There are many things you can copyright in the modern world today, whether it be a design idea for a new invention or a simple slogan. But one thing you cant is ideology. Anyone can pick up an idea as theirs, and use it for their own benefit. A good way to advertise is to steal a popular idea everyone agrees with, and then twist it to identify that idea with your product. Some of the ideas most ripe for the picking these days deal with rebellion and counterculture, and the tech sector is no exception. IBMs Linux campaign has sprayed graffiti on the streets of Chicago and San Francisco (and earned them thousands in fines), and Apples "Think Different" campaign has shamelessly plastered their slogans and logos on images of Rosa Parks and Gandhi, saying on their web site, "Here's to the crazy ones. The misfits. The rebels. The troublemakers... We make tools for these kinds of people."
The world of video gaming has been paying attention to these opportunistic ad execs, as you can see from Rockstars recent State Of Emergency, a 3D beat-em-up with a plot ripped off from the infamous Seattle protests of 1999. Sega has also jumped on the revolutionary bandwagon with their Jet Set Radio series, in which you take charge of a skater gang and tag graffiti all over the city while taking on the cops.
One cant help being cynical about Jet Set Radio Future (JSRF), the second installment in the series, when you see the advertising campaign. Though they don't sink to Apples level, television commercials urge you to "Tune in to the new revolution!" and double-page magazine spreads boast about "self expression." It appears the revolution will indeed be televised, and you'll take down The Man by sitting in your basement with Bill Gates. But it isn't fair to dismiss JSRFs radical sloganeering solely for being on the Microsoft Xbox, regardless of how you feel about the anti-trust brouhaha. That would be the equivalent of an anarchist ignoring all political work published by big companies like Simon and Schuster.
What sets JSRF apart from the shameless co-option of Rockstar's State Of Emergency is that it backs up all the talk with a fresh individuality. Its strongest point is the presentation, as no other game comes close to looking or sounding like it. JSRF shines with a unique spirit that makes the game amazing to watch and listen to. The graphics are made by the newest "all-the-rage" video game technique of cel-shading, and Smilebit has worked hard to make this sequel even more visually arresting than the original. Character models are far more detailed and complex, and the world of JSRF is a giant, dazzling playground even bigger than the original's. As far as the music goes, the soundtrack is unlike anything you've ever heard, bringing the techno-on-acid sounds of Hideki Naganuma and Co. into a game world where they fit like a glove.
The game plays much more smoothly than its predecessor, which got a lot of complaints for its controls. Smilebit was listening, and a lot of changes have been made. Tagging and camera control no longer share the same button, and a trick system was built in that, while simple, solves a lot of the issues that hurt the original. You can now line up strings of patterned tricks during grinds and jumps that speed you up, tag graffiti without being forced to stop and repeat joystick-turns, and tag battles were fixed by adding a way to lock on to your enemies Zelda-style.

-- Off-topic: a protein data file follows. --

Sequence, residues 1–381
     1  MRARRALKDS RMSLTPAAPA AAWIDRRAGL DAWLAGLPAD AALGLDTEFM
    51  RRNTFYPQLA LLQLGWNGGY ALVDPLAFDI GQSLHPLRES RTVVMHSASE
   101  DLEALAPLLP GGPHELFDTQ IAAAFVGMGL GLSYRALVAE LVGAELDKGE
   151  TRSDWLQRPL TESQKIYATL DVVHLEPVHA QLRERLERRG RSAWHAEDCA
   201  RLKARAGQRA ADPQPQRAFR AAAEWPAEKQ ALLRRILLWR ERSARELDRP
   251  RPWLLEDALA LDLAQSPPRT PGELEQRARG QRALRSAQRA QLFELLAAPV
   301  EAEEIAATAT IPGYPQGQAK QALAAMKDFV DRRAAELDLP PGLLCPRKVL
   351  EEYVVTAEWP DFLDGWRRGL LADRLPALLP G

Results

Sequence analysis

The most radical change is in combat, as encounters with the police and thugs are now separate from the main graffiti game as mini-bosses spread out through the levels. Smilebit needed to work a little more on the combat system, because almost all of these battles border on pointlessness. Not only are the enemies easy to kill but battles are lengthy and boring, especially later in the game when you need to use a hefty amount of spray cans to beat them.
The big problem with JSRF isn't readily apparent, but I figured it out after some time: there is a total lack of urgency. All the tension of the original Jet Set Radio, as well as the frustration, has been sucked out, and that's a double-edged sword. With no time limits and no cops harassing you while you are trying to tag, missing a jump or running out of cans is never a big deal, and the threat of losing your progress is rare and minor. Throughout the entire game, I died maybe two or three times, and I won every single race and tag battle on the first try. That isn't necessarily bad; however, a game with no tension can never quite reach greatness. Though I enjoyed this game a lot, I never was "into it" like you get with classics that excel in creating tension like Soul Calibur and Thief or even Tony Hawk's Pro Skater.
JSRF also brings to light the obstructive nature of the Xbox hardware. I would have loved to burn the mind-blowing soundtrack to a CD, or at least to the Xbox hard drive for use in other games, or maybe read the DVD and transfer the files to my computer with a cable, but no such luck. After buying a $300 piece of hardware and a $50 game, its a real disappointment to not be able to extract the tunes somehow. Even worse, the official soundtrack on sale in Japan cuts out a dozen of the tunes, so my only viable option to get these songs is from an online program like Morpheus. There's no technical reason the Xbox couldn't do some of these things, but Microsoft has chosen to not take full advantage of their technology, which is their main weapon in the console wars. I predict this will come back to bite them later on.
While that can't be blamed on Sega, its one of the few small problems that keep JSRF from the high echelons of gaming. Still, its a fun, accessible, lengthy game with no glaring problems, plus some of the best game music and visuals of all time. If you're looking for something unique and quirky on the Xbox, this is your best bet hands down.